Lord Mayor calls for protection of local rights ahead of Croke Park gigs

Spokesman confirms that Bruce Springsteen will not play summer gigs at GAA venue

Bruce Springsteen with his wife Patti Scialfa. The Boss may perform two dates in Croke Park this summer. Photograph: Eric Luke/The Irish Times

Bruce Springsteen with his wife Patti Scialfa. The Boss may perform two dates in Croke Park this summer. Photograph: Eric Luke/The Irish Times

 

Lord Mayor Christy Bourke has said a structure is needed to protect the rights of the local community around Croke Park, regardless of which artist plays the stadium this summer.

The Lord Mayor’s comments come amid fresh rumours that rock-veteran Bruce Springsteen could be set to perform two dates in Croke Park this summer. The rumour has since been dismissed by a spokesperson for Springsteen, who stated The Boss will not be touring this summer.  Meanwhile, 23-year-old singer-songwriter Ed Sheeran is also rumoured to be on the schedule for the GAA stadium’s summer line-up.

“Lessons need to be learned after what happened last year,” said Mr Bourke, adding he had not seen an application for a Bruce Springsteen concert in 2015.

“It doesn’t matter who it is, a structure needs to be put in place in order to protect and secure the community.”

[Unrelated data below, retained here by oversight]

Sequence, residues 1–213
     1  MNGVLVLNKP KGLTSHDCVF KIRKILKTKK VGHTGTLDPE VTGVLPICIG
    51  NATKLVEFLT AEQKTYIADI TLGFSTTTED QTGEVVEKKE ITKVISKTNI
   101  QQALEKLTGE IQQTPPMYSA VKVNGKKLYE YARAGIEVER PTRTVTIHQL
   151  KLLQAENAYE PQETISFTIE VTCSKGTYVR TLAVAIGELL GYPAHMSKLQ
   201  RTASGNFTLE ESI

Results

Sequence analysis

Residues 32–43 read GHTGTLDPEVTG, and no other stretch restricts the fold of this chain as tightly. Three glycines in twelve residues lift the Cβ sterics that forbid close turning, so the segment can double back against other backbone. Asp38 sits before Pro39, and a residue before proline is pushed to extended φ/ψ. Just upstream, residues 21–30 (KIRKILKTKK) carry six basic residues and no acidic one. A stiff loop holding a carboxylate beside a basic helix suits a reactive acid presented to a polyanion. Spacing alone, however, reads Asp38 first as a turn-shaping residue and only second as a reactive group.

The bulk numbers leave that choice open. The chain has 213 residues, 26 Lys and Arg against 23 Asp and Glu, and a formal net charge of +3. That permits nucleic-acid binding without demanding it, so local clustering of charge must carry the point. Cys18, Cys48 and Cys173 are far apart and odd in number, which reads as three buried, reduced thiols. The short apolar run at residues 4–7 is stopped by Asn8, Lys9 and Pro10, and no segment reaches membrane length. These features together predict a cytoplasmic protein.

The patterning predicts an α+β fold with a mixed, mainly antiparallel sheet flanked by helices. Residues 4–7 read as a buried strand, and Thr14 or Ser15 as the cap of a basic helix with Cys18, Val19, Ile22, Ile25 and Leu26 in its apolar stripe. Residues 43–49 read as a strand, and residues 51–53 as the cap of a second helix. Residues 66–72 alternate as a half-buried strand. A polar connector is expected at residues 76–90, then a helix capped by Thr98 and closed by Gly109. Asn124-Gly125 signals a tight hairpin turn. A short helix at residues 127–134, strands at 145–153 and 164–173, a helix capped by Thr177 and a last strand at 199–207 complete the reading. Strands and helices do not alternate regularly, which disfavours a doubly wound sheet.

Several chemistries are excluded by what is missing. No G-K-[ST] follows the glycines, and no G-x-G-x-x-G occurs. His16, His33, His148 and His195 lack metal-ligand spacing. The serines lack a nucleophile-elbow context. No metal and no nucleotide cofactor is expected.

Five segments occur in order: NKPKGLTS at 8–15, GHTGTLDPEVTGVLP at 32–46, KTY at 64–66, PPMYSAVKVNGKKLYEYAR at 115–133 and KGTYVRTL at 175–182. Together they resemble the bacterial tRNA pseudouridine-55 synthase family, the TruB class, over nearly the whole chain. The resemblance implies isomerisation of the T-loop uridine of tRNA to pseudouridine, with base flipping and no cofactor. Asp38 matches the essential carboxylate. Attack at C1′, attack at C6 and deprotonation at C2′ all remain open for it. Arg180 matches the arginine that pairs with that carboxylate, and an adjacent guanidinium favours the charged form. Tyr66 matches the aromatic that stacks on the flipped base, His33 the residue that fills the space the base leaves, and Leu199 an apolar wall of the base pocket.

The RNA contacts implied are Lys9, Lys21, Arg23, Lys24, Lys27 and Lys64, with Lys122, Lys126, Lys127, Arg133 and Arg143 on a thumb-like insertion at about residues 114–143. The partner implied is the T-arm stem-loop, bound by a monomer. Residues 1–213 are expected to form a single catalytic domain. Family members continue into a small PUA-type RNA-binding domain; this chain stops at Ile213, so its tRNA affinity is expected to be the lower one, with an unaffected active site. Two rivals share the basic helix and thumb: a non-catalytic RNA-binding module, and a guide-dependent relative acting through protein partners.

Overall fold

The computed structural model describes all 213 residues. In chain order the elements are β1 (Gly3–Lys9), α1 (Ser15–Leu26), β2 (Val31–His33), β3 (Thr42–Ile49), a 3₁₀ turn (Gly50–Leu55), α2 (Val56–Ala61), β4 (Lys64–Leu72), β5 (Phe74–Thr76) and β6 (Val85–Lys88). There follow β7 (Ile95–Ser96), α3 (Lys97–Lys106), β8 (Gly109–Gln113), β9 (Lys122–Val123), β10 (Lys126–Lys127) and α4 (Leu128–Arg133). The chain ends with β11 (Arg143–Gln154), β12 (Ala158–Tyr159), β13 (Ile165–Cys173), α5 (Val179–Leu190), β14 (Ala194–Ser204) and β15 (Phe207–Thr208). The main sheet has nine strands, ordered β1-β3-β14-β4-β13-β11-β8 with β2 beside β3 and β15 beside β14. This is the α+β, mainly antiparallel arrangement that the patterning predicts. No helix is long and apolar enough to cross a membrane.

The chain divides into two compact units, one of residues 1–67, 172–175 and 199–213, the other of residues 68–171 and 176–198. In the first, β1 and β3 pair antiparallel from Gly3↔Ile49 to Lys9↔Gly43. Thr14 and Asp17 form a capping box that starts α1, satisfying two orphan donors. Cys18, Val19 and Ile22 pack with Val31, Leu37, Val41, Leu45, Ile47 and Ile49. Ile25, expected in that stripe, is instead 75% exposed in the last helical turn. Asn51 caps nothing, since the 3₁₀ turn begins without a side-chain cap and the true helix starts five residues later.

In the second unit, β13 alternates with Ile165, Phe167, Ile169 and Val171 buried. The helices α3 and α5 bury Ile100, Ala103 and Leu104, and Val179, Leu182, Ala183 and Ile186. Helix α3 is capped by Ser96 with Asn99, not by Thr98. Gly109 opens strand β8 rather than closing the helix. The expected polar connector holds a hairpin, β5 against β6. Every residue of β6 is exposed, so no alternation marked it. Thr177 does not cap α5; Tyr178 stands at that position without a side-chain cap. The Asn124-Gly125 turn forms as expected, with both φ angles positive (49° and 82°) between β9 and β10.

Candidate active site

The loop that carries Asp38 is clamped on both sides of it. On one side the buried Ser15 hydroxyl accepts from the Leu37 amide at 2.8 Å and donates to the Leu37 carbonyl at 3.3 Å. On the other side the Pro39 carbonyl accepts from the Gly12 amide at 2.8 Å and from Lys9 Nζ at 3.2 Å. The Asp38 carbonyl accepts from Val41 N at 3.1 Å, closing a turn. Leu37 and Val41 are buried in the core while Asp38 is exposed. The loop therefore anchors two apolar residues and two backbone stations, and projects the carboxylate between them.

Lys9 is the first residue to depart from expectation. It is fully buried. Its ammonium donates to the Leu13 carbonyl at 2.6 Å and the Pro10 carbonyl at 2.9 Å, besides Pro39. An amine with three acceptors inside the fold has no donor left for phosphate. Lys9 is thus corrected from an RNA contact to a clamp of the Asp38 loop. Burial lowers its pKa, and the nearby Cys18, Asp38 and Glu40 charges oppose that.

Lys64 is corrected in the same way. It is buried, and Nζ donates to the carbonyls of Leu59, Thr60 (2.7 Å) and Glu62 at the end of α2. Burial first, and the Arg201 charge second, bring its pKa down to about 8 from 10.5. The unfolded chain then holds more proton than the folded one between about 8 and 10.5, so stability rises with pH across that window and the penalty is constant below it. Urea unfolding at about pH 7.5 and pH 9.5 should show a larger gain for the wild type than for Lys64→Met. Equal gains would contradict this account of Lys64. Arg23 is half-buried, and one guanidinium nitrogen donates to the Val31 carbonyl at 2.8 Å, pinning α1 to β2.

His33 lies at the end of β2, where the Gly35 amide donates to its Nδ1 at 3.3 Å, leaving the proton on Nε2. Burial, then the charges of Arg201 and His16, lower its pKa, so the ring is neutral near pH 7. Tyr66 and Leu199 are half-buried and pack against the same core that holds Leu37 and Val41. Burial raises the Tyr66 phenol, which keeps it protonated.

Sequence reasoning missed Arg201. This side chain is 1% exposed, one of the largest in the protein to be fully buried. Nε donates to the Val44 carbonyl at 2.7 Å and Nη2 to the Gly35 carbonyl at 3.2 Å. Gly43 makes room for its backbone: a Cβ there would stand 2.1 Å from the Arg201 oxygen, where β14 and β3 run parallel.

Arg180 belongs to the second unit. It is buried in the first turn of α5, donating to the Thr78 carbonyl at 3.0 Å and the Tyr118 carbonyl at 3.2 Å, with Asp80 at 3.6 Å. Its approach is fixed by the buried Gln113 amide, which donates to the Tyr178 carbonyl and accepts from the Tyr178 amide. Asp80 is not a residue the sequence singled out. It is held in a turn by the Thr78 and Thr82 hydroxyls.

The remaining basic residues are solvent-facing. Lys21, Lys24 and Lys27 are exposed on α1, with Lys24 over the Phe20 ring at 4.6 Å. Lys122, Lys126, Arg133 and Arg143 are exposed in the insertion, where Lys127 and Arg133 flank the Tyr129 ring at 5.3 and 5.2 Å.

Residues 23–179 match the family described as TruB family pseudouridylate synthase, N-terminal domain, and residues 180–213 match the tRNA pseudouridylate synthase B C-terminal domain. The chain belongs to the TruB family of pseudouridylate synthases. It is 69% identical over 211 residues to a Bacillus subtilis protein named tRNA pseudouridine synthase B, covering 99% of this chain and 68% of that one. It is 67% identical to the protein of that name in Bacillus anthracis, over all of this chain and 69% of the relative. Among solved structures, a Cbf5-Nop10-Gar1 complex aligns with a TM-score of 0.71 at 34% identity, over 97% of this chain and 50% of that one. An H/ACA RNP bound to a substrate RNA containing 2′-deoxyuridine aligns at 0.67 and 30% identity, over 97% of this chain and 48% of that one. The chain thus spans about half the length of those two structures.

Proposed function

Irish rockers The Script were unveiled as the 2015 Croke Park headline act last October, with the Dublin band set to play the stadium on June 20th.

A spokeswoman for Croke Park has failed to comment on the remaining two dates of the 2015 summer line-up, while Aiken Promotions has denied the possibility of an upcoming Springsteen gig.

Refund owing

Last summer Garth Brooks’s five sell-out concerts in Croke Park were called off after Dublin City Council refused to licence two of the shows due to objections from local residents.

Brooks pulled all five concerts claiming that being asked to pick just three of the five was “like asking to choose one child over another”.

Nearly six months on, more than €120,000 worth of Garth Brooks tickets from the concerts have yet to be refunded.

Dublin City Cllr Paul McAuliffe said that under the current rules two more concerts can be organised in Croke Park this summer without applying for a licence.

“So whether it’s Ed Sheeran or another act, it’s likely they will only hold two nights,” he said.

Solicitor Anthony Fay, who represented a number of local residents in their dispute with Croke Park regarding the Brooks concerts called on Minister for the Environment Alan Kelly to bring forward the proposed legislation to regulate public performances taking place in open air around the State.

“Legal reform will help to avoid the same chaotic results experienced by concert-goers, residents, the event management and hospitality industries last summer,” he said.